UK schools ‘failing to encourage natural engineering talent’

The UK school system is failing to build on the natural engineering talent of young children, according to a new report.

Primary schools do not encourage an engineering mindset and secondary school teaching of engineering is highly variable, according to the study commissioned by the Royal Academy of Engineering, and more engineering-based content should be introduced into the curriculum.

The document identifies six ‘engineering habits of mind’ that children commonly possess – systems thinking, adapting, problem finding, creative problem solving, visualising and improving – but argues the UK needs to redesign its education system if it wants to embed these habits and produce more engineers.

‘Young children exhibit engineering habits of mind in the raw,’ says the report produced by the University of Winchester’s Centre for Real World Learning.

‘When the cardboard structure they have built is strong enough to support the weight of other toys and becomes a medieval castle, there is the thrill of persistent and successful experimentation.’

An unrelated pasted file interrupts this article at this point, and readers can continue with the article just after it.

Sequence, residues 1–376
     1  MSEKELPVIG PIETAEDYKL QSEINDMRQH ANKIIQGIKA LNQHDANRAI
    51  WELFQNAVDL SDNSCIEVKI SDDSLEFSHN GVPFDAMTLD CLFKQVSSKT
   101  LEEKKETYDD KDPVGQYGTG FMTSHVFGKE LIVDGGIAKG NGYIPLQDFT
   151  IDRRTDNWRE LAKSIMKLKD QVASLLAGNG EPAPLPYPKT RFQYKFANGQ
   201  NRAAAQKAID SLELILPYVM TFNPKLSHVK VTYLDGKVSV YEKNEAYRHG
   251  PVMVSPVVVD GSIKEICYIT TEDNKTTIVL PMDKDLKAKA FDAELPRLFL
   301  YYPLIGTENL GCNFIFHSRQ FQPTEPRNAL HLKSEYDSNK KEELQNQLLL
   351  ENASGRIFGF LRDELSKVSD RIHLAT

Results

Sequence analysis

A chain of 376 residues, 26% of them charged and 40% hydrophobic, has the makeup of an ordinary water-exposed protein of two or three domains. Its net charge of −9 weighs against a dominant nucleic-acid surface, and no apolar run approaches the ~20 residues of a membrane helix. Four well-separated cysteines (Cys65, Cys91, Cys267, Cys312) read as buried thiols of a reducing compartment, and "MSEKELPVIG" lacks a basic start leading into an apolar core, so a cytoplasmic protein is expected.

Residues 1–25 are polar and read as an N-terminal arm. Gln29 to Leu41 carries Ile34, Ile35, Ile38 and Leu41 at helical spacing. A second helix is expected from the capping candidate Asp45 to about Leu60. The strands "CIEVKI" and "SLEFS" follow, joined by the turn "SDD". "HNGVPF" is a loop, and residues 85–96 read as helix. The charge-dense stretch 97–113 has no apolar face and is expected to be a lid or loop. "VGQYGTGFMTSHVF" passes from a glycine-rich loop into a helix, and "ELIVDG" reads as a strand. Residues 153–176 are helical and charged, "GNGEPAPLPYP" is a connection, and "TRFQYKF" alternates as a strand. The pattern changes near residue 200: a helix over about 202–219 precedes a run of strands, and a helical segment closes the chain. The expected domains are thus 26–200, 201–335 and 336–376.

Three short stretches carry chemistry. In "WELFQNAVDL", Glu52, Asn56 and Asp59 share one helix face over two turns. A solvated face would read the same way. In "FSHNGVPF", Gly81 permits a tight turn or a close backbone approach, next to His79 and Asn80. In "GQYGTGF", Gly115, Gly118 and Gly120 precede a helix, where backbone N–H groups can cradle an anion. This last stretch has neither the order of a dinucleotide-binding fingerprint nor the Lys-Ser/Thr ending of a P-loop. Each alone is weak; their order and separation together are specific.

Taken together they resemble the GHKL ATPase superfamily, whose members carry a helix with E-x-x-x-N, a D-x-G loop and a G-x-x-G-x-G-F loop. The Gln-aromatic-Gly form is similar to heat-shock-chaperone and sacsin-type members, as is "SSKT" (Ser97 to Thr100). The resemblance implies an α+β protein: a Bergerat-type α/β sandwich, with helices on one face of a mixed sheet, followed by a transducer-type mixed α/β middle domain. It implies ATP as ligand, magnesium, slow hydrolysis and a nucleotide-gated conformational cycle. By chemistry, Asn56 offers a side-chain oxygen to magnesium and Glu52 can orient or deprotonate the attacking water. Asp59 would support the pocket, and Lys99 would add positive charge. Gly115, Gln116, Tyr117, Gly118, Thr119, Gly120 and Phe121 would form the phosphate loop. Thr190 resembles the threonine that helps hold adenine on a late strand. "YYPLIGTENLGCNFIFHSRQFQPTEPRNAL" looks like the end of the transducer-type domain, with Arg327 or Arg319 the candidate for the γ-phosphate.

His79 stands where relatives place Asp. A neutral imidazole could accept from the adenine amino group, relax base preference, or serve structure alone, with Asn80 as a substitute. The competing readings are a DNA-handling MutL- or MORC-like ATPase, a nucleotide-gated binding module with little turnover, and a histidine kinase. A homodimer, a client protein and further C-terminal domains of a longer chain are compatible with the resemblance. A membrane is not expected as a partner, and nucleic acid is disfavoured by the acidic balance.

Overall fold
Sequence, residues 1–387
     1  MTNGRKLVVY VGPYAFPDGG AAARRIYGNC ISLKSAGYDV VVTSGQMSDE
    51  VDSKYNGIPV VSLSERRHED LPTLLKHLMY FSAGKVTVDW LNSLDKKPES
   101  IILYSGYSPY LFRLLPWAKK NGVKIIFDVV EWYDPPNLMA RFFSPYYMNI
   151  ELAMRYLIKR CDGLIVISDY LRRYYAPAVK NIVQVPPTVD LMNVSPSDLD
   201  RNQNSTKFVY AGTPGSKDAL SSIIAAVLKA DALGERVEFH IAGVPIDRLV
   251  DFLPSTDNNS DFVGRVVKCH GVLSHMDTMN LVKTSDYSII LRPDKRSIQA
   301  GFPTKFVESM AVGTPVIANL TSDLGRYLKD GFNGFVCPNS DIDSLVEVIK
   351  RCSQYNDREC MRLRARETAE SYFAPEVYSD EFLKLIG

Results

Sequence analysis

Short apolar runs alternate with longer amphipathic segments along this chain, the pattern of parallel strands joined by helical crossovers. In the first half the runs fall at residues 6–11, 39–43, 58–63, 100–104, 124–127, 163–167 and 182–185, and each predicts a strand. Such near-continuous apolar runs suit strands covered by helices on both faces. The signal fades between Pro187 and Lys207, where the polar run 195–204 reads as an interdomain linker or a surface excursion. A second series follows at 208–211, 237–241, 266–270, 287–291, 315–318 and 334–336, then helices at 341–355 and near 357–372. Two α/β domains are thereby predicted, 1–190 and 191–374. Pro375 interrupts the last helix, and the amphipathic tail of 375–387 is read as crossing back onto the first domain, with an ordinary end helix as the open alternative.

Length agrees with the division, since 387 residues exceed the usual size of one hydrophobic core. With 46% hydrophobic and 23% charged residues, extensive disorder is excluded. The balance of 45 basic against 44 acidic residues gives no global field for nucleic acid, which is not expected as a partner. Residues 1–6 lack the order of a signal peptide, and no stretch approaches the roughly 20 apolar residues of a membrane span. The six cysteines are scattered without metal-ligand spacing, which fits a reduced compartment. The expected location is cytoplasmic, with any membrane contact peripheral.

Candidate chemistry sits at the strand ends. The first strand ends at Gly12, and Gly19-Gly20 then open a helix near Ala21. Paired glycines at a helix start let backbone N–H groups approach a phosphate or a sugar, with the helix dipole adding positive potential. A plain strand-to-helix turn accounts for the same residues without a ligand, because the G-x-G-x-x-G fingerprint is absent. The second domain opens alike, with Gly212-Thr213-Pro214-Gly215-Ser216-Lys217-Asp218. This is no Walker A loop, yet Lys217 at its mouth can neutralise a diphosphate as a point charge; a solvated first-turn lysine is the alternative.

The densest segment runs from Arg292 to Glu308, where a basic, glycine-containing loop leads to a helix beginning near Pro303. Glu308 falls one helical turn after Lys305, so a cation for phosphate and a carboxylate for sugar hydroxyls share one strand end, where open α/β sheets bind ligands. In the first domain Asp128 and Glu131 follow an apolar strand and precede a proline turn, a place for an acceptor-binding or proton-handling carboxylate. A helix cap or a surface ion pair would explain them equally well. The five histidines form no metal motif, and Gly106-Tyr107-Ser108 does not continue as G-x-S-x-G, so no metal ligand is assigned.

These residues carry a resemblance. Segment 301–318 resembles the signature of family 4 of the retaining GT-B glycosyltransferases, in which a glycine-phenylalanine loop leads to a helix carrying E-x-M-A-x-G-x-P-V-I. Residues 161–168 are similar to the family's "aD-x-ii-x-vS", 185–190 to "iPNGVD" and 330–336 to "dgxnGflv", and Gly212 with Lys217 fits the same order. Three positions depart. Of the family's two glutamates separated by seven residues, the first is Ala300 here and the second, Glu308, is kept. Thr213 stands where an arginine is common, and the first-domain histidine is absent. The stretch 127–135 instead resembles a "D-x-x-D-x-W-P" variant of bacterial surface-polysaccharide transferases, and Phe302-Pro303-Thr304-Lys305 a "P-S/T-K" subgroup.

However, the education system has come to expect young people to move away from practical learning as they grow up and to become more theoretical and abstract, it says.

‘Schools, like post-Enlightenment society, choose to persist in believing that people who design, make and fix things must be less intelligent than those who can write essays, make speeches or understand quadratic equations.’

While citing outstanding examples of innovative teaching practice at all levels, the report says that ‘too many primary and secondary schools almost manage to extinguish the prototype engineering ability latent in young children’.

It proposes that the engineering teaching and learning community considers redesigning curricula – primary, secondary, further and higher education and, potentially, family learning – starting from the premise that they are trying to cultivate learners who think like engineers.

The report recommends that organisations promoting engineering should use the introduction of the new National Curriculum in 2014 as an opportunity to support schools in introducing more engineering-based content.

‘Engineers think differently from the rest of the world. And society badly needs their problem-solving, systems-thinking and relentlessly-seeking-to-make-and-improve mindset.’ report author Prof Bill Lucas said in a statement.

‘Yet the education system does little to teach in ways that will cultivate the engineers we will need. We leave it too late and, too often, teach it too dully. This has to change.’